The Pitt School of Education has selected 13 noteworthy educators for its 2021 Distinguished Alumni Awards.
The winners include two superintendents of K-12 schools, a senior scientist at Pitt's world-renowned Learning Research and Development Center, the president of a national teacher's union, and researchers who are conducting ground-breaking work in HIV treatment strategies and weight loss interventions related to exercise and sleep.
"In their work and through their studies, our alumni and student award recipients represent the highest ideals of the Pitt School of Education," says Michael B. Haas, the school's director of alumni and development. "They are leaders who are propelling their organizations forward and helping the communities they serve through their commitment to innovation, equity, and justice in education."
Established in 1992, the Pitt Education Distinguished Alumni Awards are granted annually to outstanding alumni and students in the fields of teaching and learning, education policy, and health, wellness, and human development.
The 2021 virtual awards ceremony took place on Thursday, March 25, 2021. Watch a recording of the event below.
Meet the 2021 winners:
- Isabel L. Beck (Distinguished Alumni Award)
- Linda Rose Frank (Distinguished Alumni Award)
- Virginia R. Hill (Distinguished PreK-12 Educator Award)
- Janet Marie Sardon (Distinguished PreK-12 Educator Award)
- Seth A. Creasy (Distinguished Early Career Award)
- Jasime D. Williams (Distinguished Early Career Award)
- Mary Catherine Reljac (Departmental Award - Administrative and Policy Studies)
- Niall M. Moyna (Departmental Award - Health and Physical Activity)
- Rebecca S. Pringle (Departmental Award - Instruction and Learning)
- Cynthia J. Popovich (Departmental Award - Psychology in Education)
- Sarah E. Kurz (Student Leadership Award)
- Rachel Ann Schles (Outstanding Alumni Dissertation Award)
- Julia Adele Cavallo (Outstanding Alumni Dissertation Award)
Isabel L. Beck (BS ’53, MEd ’64, PhD ’73) is a professor emerita in the School of Education and a senior research scientist with the Learning Research and Development Center. She received all three degrees from Pitt. Her research spans the major areas of reading: decoding, vocabulary, and comprehension, and resulted in authoring and coauthoring about 100 articles and seven books. Beck’s work has been acknowledged by a number of awards, including the Oscar Causy Award from the Literacy Research Conference for outstanding research, induction into the International Literacy Association’s (ILA) Reading Hall of Fame, and the William S. Gray award for life-time contributions to research and practice. In 2008, she was elected to the National Academy of Education.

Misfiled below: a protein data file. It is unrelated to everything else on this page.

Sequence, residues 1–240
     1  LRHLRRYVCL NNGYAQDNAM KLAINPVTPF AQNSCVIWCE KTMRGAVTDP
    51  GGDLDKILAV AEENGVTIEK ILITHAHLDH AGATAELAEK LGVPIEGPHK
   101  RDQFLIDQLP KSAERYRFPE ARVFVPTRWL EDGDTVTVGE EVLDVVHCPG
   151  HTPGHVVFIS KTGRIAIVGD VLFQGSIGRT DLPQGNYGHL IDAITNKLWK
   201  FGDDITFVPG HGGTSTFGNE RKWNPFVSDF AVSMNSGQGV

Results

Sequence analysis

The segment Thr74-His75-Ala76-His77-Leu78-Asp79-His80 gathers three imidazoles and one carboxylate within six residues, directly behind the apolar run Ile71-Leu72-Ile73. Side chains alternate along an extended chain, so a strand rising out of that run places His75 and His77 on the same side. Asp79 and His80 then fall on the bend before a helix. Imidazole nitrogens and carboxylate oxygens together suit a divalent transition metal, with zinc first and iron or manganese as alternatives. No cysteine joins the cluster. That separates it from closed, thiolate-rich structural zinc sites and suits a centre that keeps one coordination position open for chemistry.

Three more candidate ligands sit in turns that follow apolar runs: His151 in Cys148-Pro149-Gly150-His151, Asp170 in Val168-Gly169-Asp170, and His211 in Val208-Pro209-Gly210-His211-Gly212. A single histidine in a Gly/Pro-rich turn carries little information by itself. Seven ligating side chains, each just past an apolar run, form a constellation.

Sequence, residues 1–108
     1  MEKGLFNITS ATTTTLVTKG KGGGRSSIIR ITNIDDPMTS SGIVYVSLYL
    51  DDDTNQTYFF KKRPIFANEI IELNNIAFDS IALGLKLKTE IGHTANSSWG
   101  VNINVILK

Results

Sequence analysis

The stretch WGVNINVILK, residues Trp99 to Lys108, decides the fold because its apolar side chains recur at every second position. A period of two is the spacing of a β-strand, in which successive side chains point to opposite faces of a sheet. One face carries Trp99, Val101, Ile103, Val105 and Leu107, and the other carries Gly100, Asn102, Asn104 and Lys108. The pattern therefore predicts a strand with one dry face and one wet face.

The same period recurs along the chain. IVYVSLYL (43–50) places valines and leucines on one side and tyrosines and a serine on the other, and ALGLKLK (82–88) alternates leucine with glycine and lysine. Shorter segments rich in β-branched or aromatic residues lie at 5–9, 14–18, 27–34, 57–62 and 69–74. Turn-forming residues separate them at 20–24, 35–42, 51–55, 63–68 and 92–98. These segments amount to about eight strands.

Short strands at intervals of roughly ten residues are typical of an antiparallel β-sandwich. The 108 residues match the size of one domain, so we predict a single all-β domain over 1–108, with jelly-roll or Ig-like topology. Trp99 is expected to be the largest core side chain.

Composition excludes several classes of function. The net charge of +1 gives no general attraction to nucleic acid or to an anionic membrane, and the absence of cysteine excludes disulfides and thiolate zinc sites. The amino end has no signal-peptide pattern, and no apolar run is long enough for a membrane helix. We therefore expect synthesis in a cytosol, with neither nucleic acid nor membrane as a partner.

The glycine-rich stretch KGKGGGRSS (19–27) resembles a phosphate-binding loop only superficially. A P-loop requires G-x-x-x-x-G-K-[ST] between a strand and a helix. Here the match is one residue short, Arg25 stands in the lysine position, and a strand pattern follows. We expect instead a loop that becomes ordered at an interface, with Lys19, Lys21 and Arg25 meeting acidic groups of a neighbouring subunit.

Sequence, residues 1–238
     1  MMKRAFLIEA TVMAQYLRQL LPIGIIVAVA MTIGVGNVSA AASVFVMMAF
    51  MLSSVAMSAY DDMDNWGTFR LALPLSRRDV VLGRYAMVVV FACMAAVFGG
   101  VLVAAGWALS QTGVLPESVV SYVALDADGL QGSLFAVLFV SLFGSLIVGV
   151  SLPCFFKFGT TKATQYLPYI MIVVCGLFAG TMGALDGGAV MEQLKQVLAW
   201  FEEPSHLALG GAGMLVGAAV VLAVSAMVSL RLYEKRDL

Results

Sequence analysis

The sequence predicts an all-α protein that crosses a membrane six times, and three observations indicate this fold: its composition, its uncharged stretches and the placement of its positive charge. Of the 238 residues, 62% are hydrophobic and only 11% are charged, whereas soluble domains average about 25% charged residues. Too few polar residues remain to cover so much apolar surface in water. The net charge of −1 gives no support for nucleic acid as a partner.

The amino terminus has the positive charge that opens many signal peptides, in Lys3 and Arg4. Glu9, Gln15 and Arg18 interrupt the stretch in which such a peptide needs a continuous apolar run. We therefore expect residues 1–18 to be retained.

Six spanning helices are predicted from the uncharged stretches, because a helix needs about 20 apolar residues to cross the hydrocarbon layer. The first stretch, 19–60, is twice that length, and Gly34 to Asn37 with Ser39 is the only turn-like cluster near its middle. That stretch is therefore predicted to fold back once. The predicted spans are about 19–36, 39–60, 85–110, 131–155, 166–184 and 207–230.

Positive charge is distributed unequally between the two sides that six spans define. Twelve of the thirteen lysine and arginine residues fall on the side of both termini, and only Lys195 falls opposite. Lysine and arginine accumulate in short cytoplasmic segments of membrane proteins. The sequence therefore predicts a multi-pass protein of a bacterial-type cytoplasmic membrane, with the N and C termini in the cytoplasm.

"Initially, the School of Education provided me with teaching skills to support students’ learning and to diagnose and help those who didn’t learn to read easily. Later during my doctoral work I became fascinated with research and the science of reading, which became the rest of my career’s bailiwick," says Beck.
Linda Rose Frank (MSN ’83, PhD ’90) is a professor in the Department of Infectious Diseases at the Graduate School of Public Health with secondary appointments in School of Nursing and School of Medicine at the University of Pittsburgh. She has been on the front lines of the HIV epidemic since 1988, providing training, consultation, and technical assistance with particular focus on HIV clinics, community health centers, prisons, and other health settings. She is currently working on a HRSA-funded COVID-19 education project and an NIH COVID-19 research project in community settings. She is a Fellow in the American Academy of Nursing; member of the Public Policy Committee of AIDS United, and serves as the Chair of the City of Pittsburgh HIV Commission.
"The Pitt School of Education has provided me with foundational knowledge and skills to design, develop and implement programs and interventions to address the needs for education related to existing and emerging regional, national, and global infectious disease for health care providers and teams, educators, policy makers, legislators, patients, families, and communities," says Frank.
Virginia R. Hill (EdD ’14) is the founding principal of Environmental Charter High School in Pittsburgh. With almost 31 years of experience in Pennsylvania as an educator, her roles have included: teacher, school administrator, science supervisor, as well as a curriculum and professional development executive director. Hill specializes in positive school climate and culture building, school improvement efforts, student achievement, along with equity, and diversity mindsets in the school setting. She sits on the Board of Directors of the Positivity Project that emphasizes the importance of positive relationships and self-development.
“The University of Pittsburgh School of Education invited me into a diverse family of professors and peers that have challenged my beliefs and forever impacted my values. Learning at Pitt has not just been an education, it’s been a life changing experience!” says Hill
Janet Sardon (MEd ’99, EdD ’03) is the superintendent of Yough School District in Westmoreland County. During her 27-year education career, she has held the positions of high school emotional support special education teacher, middle school principal, high school principal, director of technology, and assistant superintendent at several school districts within Allegheny County. She is an executive board member on the Tri-State Study Council and is vice president of the Consortium for Public Education Board of Directors. Dr. Sardon also serves as the Westmoreland Intermediate Unit representative for the Pennsylvania Association of Rural and Small Schools and Pennsylvania Association of School Administrators Legislative Committee.